Apr 27, 2022
Washington, D.C. —
Today the White House Historical Association released a new issue of its award-winning magazine, White House History Quarterly, titled, “Every President Has Walked These Grounds.”
On November 21, 1800, First Lady Abigail Adams wrote a letter to her daughter describing the White House landscape: ‘It is a beautiful spot, capable of every improvement, and, the more I view it, the more I am delighted with it.’ The grounds surrounding the house were in fact yet to be landscaped and remained a muddy construction site. With this issue of the Quarterly, we offer a glimpse at a few of the many ways First Lady Adams’ inspiring vision for the White House grounds has been fulfilled.
More than 100 photos in this issue offer readers a glimpse of historic trees, the Kitchen and Rose Gardens, annual events, wildlife, and seasonal landscapes.
In this issue:
- Dale Haney, Superintendent of White House Grounds, talks about his career caring for the White House grounds including 500 trees, 5,000 shrubs, thousands of annual flowers, a productive kitchen garden, and acres of manicured lawns.
- Heath Hardage Lee, author, independent historian, and curator, takes us back to 1972 to share the story of a fleeting transformation, when the Rose Garden was filled with thousands of white flowers for the June wedding of Tricia Nixon to Edward Cox.
- Elizabeth Hope Cushing, landscape historian, details the story of the Olmsted Plan created by Frederick Law Olmsted Jr. in 1935 for the President of the United States on Improvements and Policy of Maintenance for the Executive Mansion Grounds. The plan includes the preservation of historic trees, the placement of new trees, and the privacy the landscape affords the first family.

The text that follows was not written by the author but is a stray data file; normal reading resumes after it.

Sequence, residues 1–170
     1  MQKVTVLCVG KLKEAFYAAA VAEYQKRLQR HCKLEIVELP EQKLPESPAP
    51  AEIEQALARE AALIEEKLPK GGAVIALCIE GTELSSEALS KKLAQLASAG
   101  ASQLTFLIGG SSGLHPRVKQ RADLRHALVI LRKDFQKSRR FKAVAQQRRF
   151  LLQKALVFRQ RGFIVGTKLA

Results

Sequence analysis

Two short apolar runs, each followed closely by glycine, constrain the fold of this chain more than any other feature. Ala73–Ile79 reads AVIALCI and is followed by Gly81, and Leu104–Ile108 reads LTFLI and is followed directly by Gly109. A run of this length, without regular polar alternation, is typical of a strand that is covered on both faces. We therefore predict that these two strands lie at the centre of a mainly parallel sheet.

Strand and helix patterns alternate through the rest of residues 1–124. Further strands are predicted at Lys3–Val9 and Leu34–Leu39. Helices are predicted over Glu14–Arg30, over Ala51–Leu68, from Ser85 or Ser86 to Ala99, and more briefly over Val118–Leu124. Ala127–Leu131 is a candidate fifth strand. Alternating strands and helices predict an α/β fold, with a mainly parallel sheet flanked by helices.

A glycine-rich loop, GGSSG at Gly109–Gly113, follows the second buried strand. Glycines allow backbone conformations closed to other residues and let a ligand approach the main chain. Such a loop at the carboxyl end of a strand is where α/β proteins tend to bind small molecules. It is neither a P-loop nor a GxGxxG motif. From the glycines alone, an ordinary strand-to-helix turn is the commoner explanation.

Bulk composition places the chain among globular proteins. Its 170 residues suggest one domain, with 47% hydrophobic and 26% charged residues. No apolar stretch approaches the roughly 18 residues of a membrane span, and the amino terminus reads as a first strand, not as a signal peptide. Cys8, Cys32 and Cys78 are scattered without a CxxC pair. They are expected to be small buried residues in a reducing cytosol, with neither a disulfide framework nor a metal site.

- Christy Bowe, photojournalist and member of the White House press pool, has documented history unfolding during five presidencies. With the president’s garden among the most beautiful of the backdrops in her portfolio, she shares an album of her work with the Quarterly.
- Arthur Chadwick, co-founder of Chadwick & Son Orchids Inc., details the collection of hybrid orchids named for the first ladies.
- Matthew Costello, White House Historical Association historian, tells the story of a legendary oak tree planted by President Theodore Roosevelt on the White House Grounds in 1904. The sapling, reputed to be descended from a venerable tree near George Washington’s tomb at Mount Vernon, soon perished, but was not forgotten.
- Katherine Malone-France, Chief Preservation Officer at the National Trust for Historic Preservation, takes us back to a spring day in 1973 when First Lady Pat Nixon visited the historic Stephen Decatur House Garden on Lafayette Square. Like the President’s House, its garden continues to provide a stage for gatherings of many kinds, and it welcomes brides each spring.
This 104-page issue of White House History Quarterly retails for $9.95. To subscribe or purchase a single issue, visit shop.whitehousehistory.org.
To request an advance copy of White House History Quarterly #65, or to interview the individuals listed above, please contact [email protected].
Read more about the White House gardens and grounds.
About White House History Quarterly
White House History Quarterly, published by the White House Historical Association since 1983, is now in its sixty fourth issue. The Quarterly strives to present the broadest view of this personal American subject—the White House—featuring memoir, biography, history, and cultural context as it opens the doors of “America’s House” to America. Issues are thematic, shaped to tell a story from a particular angle, and the themes—from music, theater, fashion, art, entertaining, flowers and gardens, kitchens and cooking, presidential journeys and travel, memoir, and presidential kin and presidential sites—suggest the broad scope of the content. With editorial offices in Washington, D.C., at the Association’s row house facing Lafayette Park across from the White House, White House History Quarterly is published four times each year. One, two, or three-year subscriptions, single copies, and bound collections of back issues are available.